The lending approach of HFHE consists of three main strategies: normal lending, wholesale lending, and home improvements for the poorest households. In normal lending, HFHE partners with NGOs for an indefinite period, sharing the risk of bad loans. The loans have no end-date, with an average size of EGP 7000. In wholesale lending, a pilot initiative with CEOSS, loans are disbursed for five years, with the partner NGO bearing all risk. Higher fees are charged, and the repayment period is defined. Both approaches have identical loan terms and conditions. Home improvements for the poorest households are charitable initiatives, targeting those unable to repay loans. The improvements aim to enhance living conditions and are funded through various means, including donations and partner NGO commitments.

The majority of borrowers additionally benefit from complimentary engineering technical services for their intended home improvements. Notably, the expense is not incorporated into the loan amount for repayment; instead, HFHE covers the entire cost of these engineering services from its own budget. Skilled and trained engineering graduates are engaged on a part-time basis to support CBOs and loan applicants in defining construction requirements, creating engineering designs (if necessary), assessing actual costs for planned home renovations and new construction, and inspecting completed projects. These engineering graduates are engaged on an annual basis, with HFHE currently maintaining contracts with four part-time engineering graduates.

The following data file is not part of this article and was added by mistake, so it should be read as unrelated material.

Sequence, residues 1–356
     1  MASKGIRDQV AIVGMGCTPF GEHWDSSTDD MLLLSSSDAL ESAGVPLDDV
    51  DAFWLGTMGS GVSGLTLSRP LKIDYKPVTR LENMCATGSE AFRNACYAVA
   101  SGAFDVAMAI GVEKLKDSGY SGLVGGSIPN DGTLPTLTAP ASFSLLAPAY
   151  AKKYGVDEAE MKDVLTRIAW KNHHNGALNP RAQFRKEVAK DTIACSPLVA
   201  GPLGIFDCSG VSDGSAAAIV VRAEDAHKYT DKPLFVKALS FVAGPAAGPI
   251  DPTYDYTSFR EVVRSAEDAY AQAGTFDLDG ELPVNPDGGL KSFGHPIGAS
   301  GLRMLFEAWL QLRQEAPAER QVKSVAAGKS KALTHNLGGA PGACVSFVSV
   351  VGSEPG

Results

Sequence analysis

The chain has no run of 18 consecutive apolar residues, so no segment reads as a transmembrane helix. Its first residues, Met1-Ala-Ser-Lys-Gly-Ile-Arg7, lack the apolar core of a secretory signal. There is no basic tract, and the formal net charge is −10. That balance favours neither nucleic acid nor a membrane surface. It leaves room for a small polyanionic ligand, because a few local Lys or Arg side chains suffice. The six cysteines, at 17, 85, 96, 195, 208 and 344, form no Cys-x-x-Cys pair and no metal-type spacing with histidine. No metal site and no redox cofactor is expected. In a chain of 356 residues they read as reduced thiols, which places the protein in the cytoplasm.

HFHE imposes specific criteria for borrower selection, categorized into three areas: the need for adequate shelter, ability to repay the loan, and willingness to partner. Eligible borrowers must be homeowners within the community, with no discrimination based on demographics. To qualify, households must lack adequate shelter, demonstrate low income, and exhibit financial stability. They should also display willingness to contribute to home improvement costs and participate in related activities. The organization gives priority to vulnerable groups like orphaned children, widowed women with dependents, and married couples with dependents.

The loan application process of HFHE involves several steps. First, applicants submit a one-page Loan Request Form to the CBO loan committee, providing personal and project details. Then, the committee reviews the form and contacts an engineer for a home inspection and cost estimate. Together with the applicant, they complete a Loan Request Review Form gathering financial and household information. The committee periodically meets to approve loans, determining sizes based on their discretion. Disbursements occur in two installments, contingent on satisfactory completion of construction work. Repayment typically starts 30 days after the first tranche. Finally, an HFHE engineer inspects completed work for quality assurance. Loan documents are maintained by the partner NGO for audit, while CBOs keep records for active loans. Additionally, the average cost per loan includes engineer fees for initial visits and inspections.

With this simple scheme, HFHE provides finance resources to the communities and the poorest homeowners in Egypte. Thanks to it, and without the burden of the financial system, people can have an affordable and decent housing.